Tyler Green has a post about the imagery of the American flag, how it's used/abused by both political parties. He has asked for suggestions. My most vivid memory of the flag is Stanley Forman's 1976 Pulitzer Prize-winning photo (above) at an anti-busing demonstration in Boston. That probably falls into the photo-journalism category but - how powerful. Others that come to my mind are shown below.
Art that uses a recognizable symbol, like the U.S. flag, does so best when it calls into question the conventional meaning of that symbol. This is not to say that it has to be necessarily a negative meaning, which is a temptation for many artists, I suppose, when treating something like the U.S. flag (like James Rosenquist's recent Xenophobic Movie Director, or Our Foreign Policy). It may be too obvious for Tyler's survey, but Nam June Paik's Video Flag (1985-1996) immediately came to mind. It is a much more positive version of the concept than an earlier form of the work, Video Flag Z, owned by the Los Angeles County Museum of Art and now unable to be shown. Both subvert a symbol we take for granted by assembling the symbol out of images that incarnate the shifting meanings of that symbol for many people. (My love of Paik's work has nothing to do with the fact that he was a musicologist, either.)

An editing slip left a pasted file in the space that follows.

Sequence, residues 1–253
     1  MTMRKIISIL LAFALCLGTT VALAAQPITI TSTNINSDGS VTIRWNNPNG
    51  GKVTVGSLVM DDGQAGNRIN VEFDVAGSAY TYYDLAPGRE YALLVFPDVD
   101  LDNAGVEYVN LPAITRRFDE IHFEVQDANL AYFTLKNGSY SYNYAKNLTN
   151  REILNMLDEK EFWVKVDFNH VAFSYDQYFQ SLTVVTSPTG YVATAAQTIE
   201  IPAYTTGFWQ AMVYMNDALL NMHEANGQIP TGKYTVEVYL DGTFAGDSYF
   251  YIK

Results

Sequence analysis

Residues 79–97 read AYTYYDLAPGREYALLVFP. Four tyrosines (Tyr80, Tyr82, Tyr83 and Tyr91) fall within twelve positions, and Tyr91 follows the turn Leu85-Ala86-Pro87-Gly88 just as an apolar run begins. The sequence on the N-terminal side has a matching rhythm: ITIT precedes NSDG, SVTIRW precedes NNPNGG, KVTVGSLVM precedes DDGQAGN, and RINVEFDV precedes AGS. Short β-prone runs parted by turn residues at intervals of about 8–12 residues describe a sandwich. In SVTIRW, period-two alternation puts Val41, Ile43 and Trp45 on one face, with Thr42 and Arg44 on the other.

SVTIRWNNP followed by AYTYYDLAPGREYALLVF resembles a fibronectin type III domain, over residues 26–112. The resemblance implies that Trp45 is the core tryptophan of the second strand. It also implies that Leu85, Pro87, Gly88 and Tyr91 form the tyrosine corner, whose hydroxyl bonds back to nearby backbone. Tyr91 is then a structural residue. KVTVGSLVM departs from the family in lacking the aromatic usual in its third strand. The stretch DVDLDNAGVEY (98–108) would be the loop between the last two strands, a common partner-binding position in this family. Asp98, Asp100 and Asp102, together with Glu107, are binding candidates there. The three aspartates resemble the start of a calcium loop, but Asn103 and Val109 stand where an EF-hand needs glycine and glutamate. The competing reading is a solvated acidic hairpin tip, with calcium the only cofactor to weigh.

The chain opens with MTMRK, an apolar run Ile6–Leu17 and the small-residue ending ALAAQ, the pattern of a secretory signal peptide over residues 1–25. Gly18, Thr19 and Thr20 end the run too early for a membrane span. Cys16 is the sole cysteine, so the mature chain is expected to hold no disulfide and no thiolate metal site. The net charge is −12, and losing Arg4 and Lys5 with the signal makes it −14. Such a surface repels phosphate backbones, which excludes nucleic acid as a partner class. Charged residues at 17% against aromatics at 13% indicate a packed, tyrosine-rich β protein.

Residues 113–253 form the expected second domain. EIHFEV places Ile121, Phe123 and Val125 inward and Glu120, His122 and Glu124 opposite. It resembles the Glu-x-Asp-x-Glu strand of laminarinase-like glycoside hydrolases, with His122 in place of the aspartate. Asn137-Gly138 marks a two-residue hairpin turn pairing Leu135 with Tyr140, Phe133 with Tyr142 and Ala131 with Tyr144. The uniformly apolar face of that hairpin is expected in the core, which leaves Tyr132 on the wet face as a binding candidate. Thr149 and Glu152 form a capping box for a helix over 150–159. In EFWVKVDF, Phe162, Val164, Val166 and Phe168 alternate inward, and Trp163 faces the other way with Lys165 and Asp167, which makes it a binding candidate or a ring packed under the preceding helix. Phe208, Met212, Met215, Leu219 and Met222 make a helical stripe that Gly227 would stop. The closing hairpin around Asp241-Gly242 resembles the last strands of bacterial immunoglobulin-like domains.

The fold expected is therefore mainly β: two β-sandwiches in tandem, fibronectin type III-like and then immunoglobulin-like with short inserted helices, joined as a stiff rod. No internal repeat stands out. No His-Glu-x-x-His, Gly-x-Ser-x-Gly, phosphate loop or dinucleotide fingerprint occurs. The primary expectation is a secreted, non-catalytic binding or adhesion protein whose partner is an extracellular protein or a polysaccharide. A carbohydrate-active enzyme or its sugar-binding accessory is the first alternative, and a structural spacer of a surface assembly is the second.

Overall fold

In a similar vein and perhaps less obviously, Romare Bearden's Roots Odyssey (1976) uses the symbol of the flag to represent the shores of the United States as the destination of a slave ship. Once again, the symbol does not necessarily mean what you think it does, and it may have different meanings for different people. The United States is a large, multifaceted country with a complicated history, and the flag has greater meaning if it is not a one-dimensional symbol. (Related: David Hammons, African-American Flag, which the MoMA curator Connie Butler already picked for Tyler).
52 minutes ago